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Emory Oak Collaborative Tribal Restoration Initiative

Article by Nanebah Lyndon, Vincent Randall, and Sara Souther

“To the Apache people, Emory oak, eagles, and otters are an indication of environmental health” (Vincent Randall, Apache Cultural Director of the Dilzhe’e Apache of the Yavapai-Apache Nation). Yet, in recent years, Apache elders have observed that cherished Emory oak (Quercus emoryi) stands are yielding fewer acorns, producing fewer seedlings, and declining in overall health. This trend is alarming from both a cultural and an ecological perspective. Emory oak acorns, unlike many oaks endemic to the eastern United States, are low in tannins and require no leaching prior to eating. Rich in nutrients, fats, and protein, Emory oak acorns are a critically important commodity for Western Apache Tribes, as a staple food source and also for use in ceremonies and other traditional cultural practices. In the past, acorn gathering excursions were intergenerational social events that brought families together, and ground acorns were "always on the table, like salt and pepper"1. Ecologically, Emory oaks are the dominant canopy species in Madrean woodlands and savannas throughout Arizona. These statuesque trees, characterized by dark black bark, shiny, holly-like leaves, and a canopy like stacked umbrellas, create habitat for native flora and fauna and provide forage for game species, like mule deer and elk.

Quercus emoryi
Emory oak near Young, Arizona © Nanebah Lyndon

The reason for the observed decline of Emory oaks is not fully understood, but is likely linked to overgrazing by cattle, fire suppression, and increasing aridity. To address the question and problem of oak decline, the Forest Service, Northern Arizona University, the San Carlos Apache Tribe, the Tonto Apache Tribe, the White Mountain Apache Tribe, and the Dilzhe’e Apache of the Yavapai-Apache Nation formed an initiative, the Emory Oak Collaborative Tribal Restoration Initiative (EOCTRI, pronounced "E oak tree"). The ultimate goal of this coalition is to unite Traditional Ecological Knowledge (TEK), western science, and land management to ensure the long-term availability of acorns on public land for Western Apache Tribes. Surveys of Emory oak groves in the Coconino and Tonto National Forests began in 2019. These data will be used to analyze the effect on Emory oak health of thinning, prescribed burning, and other restoration treatments, scheduled to begin in 2021. Using Forest Inventory and Analysis (FIA), the EOCTRI recently published a manuscript in the journal Forest Ecology and Management2 that described the status of Emory oak in Arizona and demonstrated that increasing aridity may threaten the long-term viability of this species. Preliminary surveys also identified the Hypoxylon canker, a pathogenic fungal disease, in drought-stressed oak populations in southern Arizona. While alarming, these findings provide necessary information to inform restoration strategies.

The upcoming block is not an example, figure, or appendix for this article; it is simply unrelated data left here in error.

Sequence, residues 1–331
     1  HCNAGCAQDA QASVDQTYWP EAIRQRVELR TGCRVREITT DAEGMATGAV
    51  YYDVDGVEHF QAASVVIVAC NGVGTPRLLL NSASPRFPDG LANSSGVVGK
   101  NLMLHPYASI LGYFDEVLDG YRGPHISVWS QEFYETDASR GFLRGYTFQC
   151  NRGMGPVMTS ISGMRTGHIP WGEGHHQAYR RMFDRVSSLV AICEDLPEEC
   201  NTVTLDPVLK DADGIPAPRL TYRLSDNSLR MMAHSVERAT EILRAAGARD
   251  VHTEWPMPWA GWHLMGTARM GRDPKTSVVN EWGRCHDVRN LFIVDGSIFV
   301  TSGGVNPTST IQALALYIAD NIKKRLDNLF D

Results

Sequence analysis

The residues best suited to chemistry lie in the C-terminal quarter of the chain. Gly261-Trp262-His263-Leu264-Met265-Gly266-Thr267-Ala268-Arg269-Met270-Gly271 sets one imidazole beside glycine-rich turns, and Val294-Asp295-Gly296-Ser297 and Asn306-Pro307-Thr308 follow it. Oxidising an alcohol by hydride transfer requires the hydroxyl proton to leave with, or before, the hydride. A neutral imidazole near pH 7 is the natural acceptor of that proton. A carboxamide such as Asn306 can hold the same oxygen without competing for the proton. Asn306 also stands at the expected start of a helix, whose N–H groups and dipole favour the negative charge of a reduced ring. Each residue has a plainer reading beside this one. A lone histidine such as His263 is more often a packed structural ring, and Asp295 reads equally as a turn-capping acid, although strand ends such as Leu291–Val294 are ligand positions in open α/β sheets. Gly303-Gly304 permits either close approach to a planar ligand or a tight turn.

Yavapai Apache Nation member Dawn Rocha collecting grove data © Sara Souther

Restoration treatments currently include hand-thinning with chainsaws or machine mastication to reduce underbrush and encroaching tree species, reintroduction of low intensity fire, exclusion of domesticated herbivores like cattle that tend to trample and consume seedlings and saplings, and planting of Emory oak seeds and seedlings.

FS Staff discusses Emory oak with Apache Elder Vincent
Forestry Service Staff discusses Emory oak with Apache Elder Vincent Randall © Nanebah Lyndon

Critically, vegetative thinning both removes trees and shrubs that compete with Emory oak, and also decreases the likelihood of catastrophic wildfire. Prior to European settlement of the Southwest, low intensity fires swept through oak systems regularly, excluding species that, unlike oaks, were not adapted to fire. The legacy of 20th century fire suppression is a landscape of woodlands choked with woody vegetation that decreases water and resource availability for oaks and causes fires to burn hotter and higher than in the past, reaching tree canopies and killing even fire-adapted species, like Emory oaks.

Combining the expertise of Apache elders, scientists, and land managers, the EOCTRI will integrate information from project actions to maximize the efficacy and efficiency of restoration treatments. The prescient concern of Tribal Elders, arising from their deep knowledge of this landscape, may rescue this cultural and ecological keystone species to the great benefit of future generations.

Group at work
EOCTRI team visits grove near Camp Verde, Arizona © Nanebah Lyndon

1 Coder, C., V. Randall, E. Smith-Rocha, and R. Hines. 2005. CHI CH’ IL (Acorns): Dissolution of Traditional Dilzhe’e Gathering Practice(s) Due to Federal Control of the Landscape. USDA For. Serv. Proc. RMRS-P-36 277–281.

2 Souther, S., N. Lyndon, and D. Randall. 2021. Insights into the restoration and sustainable management of Emory oak: A southwestern cultural keystone species. For. Ecol. Manage. 483, 118900. https://doi.org/10.1016/j.foreco.2020.118900